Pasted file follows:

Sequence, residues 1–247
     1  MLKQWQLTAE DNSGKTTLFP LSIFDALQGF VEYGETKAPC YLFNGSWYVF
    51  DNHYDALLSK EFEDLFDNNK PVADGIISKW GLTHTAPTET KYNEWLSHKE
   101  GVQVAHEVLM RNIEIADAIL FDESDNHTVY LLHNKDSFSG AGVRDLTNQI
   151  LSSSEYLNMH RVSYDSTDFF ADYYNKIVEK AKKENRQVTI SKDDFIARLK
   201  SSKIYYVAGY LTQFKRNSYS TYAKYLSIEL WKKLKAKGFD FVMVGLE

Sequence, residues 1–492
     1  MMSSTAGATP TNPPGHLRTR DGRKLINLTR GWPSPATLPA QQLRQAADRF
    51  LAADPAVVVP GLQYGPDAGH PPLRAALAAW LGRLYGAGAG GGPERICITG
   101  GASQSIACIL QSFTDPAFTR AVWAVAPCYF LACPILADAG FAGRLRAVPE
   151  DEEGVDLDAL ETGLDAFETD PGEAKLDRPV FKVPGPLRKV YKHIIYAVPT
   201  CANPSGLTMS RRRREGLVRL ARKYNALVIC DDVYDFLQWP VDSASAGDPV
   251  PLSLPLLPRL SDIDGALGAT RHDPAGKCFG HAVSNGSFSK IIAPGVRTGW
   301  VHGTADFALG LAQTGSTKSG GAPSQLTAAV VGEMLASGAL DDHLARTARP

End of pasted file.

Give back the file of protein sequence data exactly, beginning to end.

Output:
Sequence, residues 1–247
     1  MLKQWQLTAE DNSGKTTLFP LSIFDALQGF VEYGETKAPC YLFNGSWYVF
    51  DNHYDALLSK EFEDLFDNNK PVADGIISKW GLTHTAPTET KYNEWLSHKE
   101  GVQVAHEVLM RNIEIADAIL FDESDNHTVY LLHNKDSFSG AGVRDLTNQI
   151  LSSSEYLNMH RVSYDSTDFF ADYYNKIVEK AKKENRQVTI SKDDFIARLK
   201  SSKIYYVAGY LTQFKRNSYS TYAKYLSIEL WKKLKAKGFD FVMVGLE

Sequence, residues 1–492
     1  MMSSTAGATP TNPPGHLRTR DGRKLINLTR GWPSPATLPA QQLRQAADRF
    51  LAADPAVVVP GLQYGPDAGH PPLRAALAAW LGRLYGAGAG GGPERICITG
   101  GASQSIACIL QSFTDPAFTR AVWAVAPCYF LACPILADAG FAGRLRAVPE
   151  DEEGVDLDAL ETGLDAFETD PGEAKLDRPV FKVPGPLRKV YKHIIYAVPT
   201  CANPSGLTMS RRRREGLVRL ARKYNALVIC DDVYDFLQWP VDSASAGDPV
   251  PLSLPLLPRL SDIDGALGAT RHDPAGKCFG HAVSNGSFSK IIAPGVRTGW
   301  VHGTADFALG LAQTGSTKSG GAPSQLTAAV VGEMLASGAL DDHLARTARP